One of the things I have noticed is that although there is some movement towards digital delivery, this continues to represent quite a small element of the market.
I’m not sure whether digital delivery is what most customers want. We are conscious of the need to develop digital as another channel alongside our traditional stores, but my guess is that the next few years will still see physical media being the preferred choice for the majority of consumers.
How have you managed to navigate through the downturn?
Since his arrival, Phil Moore has promoted a culture of providing great service and price, and I think enough of our customers recognise this to want to keep buying from us.
We find that when we open in new locations, we provide the lowest prices on the High Street so that before long we see other retailers’ prices reduce to our levels. Hopefully the fact that our store opening typically leads to a reduction in prices throughout a town is something that isn’t lost on consumers.
Second-hand has become very competitive lately. What are your thoughts on the competition?
I think we probably benefit from the coverage of the developments at the supermarkets and at Argos, as it raises awareness of trade-ins.
I do feel that offering trade-ins, plus selling pre-owned products alongside new, is quite a difficult business model to develop and implement successfully, so it will be interesting to see how the new entrants cope with this.
There’s a lot happening on the High Street, but what about online? When can we expect to see more from the Grainger website?
We are conscious that the opportunity available to us from our website has not been maximised in the past; however we are now seeking to move towards a more multi-channel offer, so there is much more attention being directed towards the website. It was upgraded just before Christmas, making buying from it much faster and easier. As a result, we enjoyed like-for-like growth of over 100 per cent through the Christmas period. Further website developments are scheduled to take place this year.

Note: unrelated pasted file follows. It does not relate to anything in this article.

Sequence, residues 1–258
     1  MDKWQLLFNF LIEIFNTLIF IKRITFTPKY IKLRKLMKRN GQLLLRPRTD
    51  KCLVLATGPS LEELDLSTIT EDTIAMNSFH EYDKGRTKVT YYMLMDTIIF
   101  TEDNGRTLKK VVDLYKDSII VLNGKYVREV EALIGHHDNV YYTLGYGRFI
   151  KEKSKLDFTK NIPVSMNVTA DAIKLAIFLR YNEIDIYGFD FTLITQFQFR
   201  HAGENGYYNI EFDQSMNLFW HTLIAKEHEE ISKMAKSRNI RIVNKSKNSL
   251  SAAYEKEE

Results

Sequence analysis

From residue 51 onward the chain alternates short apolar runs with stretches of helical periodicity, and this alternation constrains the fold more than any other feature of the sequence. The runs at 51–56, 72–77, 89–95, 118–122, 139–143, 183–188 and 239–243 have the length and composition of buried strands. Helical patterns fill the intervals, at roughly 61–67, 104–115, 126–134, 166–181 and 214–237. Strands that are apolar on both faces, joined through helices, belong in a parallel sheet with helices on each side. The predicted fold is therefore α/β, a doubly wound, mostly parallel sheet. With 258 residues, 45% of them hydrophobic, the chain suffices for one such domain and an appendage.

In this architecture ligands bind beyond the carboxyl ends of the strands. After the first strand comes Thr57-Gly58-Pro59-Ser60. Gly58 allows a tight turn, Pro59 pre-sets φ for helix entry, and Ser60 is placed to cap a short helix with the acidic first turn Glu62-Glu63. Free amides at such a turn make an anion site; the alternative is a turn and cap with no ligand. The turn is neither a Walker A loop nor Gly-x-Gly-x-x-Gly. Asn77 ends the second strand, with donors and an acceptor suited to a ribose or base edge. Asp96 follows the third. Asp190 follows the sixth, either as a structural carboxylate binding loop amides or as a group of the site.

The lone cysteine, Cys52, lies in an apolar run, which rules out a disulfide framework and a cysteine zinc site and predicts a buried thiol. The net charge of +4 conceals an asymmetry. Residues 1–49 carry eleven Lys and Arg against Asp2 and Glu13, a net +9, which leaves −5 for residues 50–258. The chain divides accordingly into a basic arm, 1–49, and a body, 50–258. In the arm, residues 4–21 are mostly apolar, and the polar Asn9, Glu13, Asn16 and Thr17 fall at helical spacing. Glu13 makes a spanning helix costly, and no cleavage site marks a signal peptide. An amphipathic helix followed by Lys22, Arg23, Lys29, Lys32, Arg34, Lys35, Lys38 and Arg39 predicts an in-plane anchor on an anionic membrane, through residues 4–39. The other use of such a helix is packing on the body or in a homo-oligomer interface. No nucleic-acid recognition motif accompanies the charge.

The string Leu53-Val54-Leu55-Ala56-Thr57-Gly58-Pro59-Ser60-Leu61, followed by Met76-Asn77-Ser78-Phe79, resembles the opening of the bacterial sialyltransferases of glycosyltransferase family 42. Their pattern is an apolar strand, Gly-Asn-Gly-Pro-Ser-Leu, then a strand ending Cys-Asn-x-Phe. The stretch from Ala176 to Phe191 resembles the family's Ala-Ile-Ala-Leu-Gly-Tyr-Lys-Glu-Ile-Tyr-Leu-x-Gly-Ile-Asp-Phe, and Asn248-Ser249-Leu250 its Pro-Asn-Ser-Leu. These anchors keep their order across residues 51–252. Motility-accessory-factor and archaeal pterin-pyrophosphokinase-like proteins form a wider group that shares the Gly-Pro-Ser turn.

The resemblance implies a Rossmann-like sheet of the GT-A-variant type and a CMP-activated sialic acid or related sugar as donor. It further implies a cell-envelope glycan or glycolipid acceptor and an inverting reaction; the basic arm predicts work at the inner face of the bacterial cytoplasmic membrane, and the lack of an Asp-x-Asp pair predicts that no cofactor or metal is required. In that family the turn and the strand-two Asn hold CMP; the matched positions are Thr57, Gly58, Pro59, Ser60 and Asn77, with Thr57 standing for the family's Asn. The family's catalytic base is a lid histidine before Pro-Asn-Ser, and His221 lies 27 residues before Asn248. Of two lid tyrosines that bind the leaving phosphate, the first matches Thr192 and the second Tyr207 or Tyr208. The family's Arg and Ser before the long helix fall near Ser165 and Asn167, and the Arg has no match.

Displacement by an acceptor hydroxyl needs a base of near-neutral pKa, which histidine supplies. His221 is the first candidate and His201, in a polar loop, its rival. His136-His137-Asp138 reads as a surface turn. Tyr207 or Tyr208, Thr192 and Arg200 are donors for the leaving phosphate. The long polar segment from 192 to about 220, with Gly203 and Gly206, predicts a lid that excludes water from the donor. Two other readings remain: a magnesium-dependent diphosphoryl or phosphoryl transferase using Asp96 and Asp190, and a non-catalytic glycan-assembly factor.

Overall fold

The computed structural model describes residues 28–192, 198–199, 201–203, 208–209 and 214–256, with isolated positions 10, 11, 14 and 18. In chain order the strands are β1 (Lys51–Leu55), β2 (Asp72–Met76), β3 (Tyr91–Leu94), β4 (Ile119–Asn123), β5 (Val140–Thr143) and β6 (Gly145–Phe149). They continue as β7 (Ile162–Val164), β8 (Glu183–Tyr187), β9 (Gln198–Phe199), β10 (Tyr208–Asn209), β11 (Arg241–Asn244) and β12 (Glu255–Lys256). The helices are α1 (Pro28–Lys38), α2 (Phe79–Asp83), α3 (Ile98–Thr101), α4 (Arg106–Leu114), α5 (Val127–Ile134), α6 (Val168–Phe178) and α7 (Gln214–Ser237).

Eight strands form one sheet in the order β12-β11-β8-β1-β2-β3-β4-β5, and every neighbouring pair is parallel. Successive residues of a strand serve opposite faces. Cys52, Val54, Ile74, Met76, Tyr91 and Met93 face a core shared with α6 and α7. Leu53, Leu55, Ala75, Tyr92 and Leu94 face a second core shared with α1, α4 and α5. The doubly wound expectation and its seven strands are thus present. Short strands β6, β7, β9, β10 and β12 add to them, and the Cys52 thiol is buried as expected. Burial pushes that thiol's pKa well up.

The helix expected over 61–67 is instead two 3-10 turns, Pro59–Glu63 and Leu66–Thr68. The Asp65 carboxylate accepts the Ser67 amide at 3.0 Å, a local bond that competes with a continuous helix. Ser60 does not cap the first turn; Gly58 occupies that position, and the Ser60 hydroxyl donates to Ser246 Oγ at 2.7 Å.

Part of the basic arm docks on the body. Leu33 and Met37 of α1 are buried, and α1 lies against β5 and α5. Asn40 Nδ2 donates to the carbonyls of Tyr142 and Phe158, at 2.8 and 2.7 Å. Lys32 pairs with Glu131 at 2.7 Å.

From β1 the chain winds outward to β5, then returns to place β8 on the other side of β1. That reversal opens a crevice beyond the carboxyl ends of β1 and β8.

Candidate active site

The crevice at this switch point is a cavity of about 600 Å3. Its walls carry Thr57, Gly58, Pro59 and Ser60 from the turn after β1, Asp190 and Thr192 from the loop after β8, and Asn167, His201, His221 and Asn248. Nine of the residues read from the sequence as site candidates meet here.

How do you expect the VAT rise to impact your business?
We have absorbed the impact of the increase in VAT and not passed this on to our customers.
Whilst there is a financial impact on the business of not increasing prices, some of this has been recovered through improved terms negotiated by Chris Harwood and his buying team – the rest, we hope, may be offset by a higher number of customers choosing to buy from Grainger Games.
What are your thoughts on the struggle indies are having in the market at the moment?
I think conditions must be tough for smaller independents now and sadly I can’t really see things becoming any easier for them in the future, which is a shame as many of them have real knowledge, expertise and passion for gaming. Those that do decide not to continue on their own may I hope see Grainger Games as their natural future home.
Who is Jonathan Fellows?
Grainger Games’ chairman Jonathan Fellows is a retail veteran. For more than a decade he has been finance director and chief executive at some major retailers including Lloyds Chemists, Thorntons, Bonmarché and American Golf.
“I’ve been fortunate to work with some hugely gifted and expert retailers – Allen Lloyd, who in my opinion was one of the most talented retailers of his generation; Michael Ward who is now managing director at Harrods; Tim Brookes who grew Jessops from 70 stores to over 250; the Chima brothers at Bonmarché; Richard Kirk at Peacocks; and Howard Bilton at American Golf,” Fellows tells MCV.
“I think and I hope that I’ve learnt from all of them and I guess I may be closing in on being a retail veteran myself now."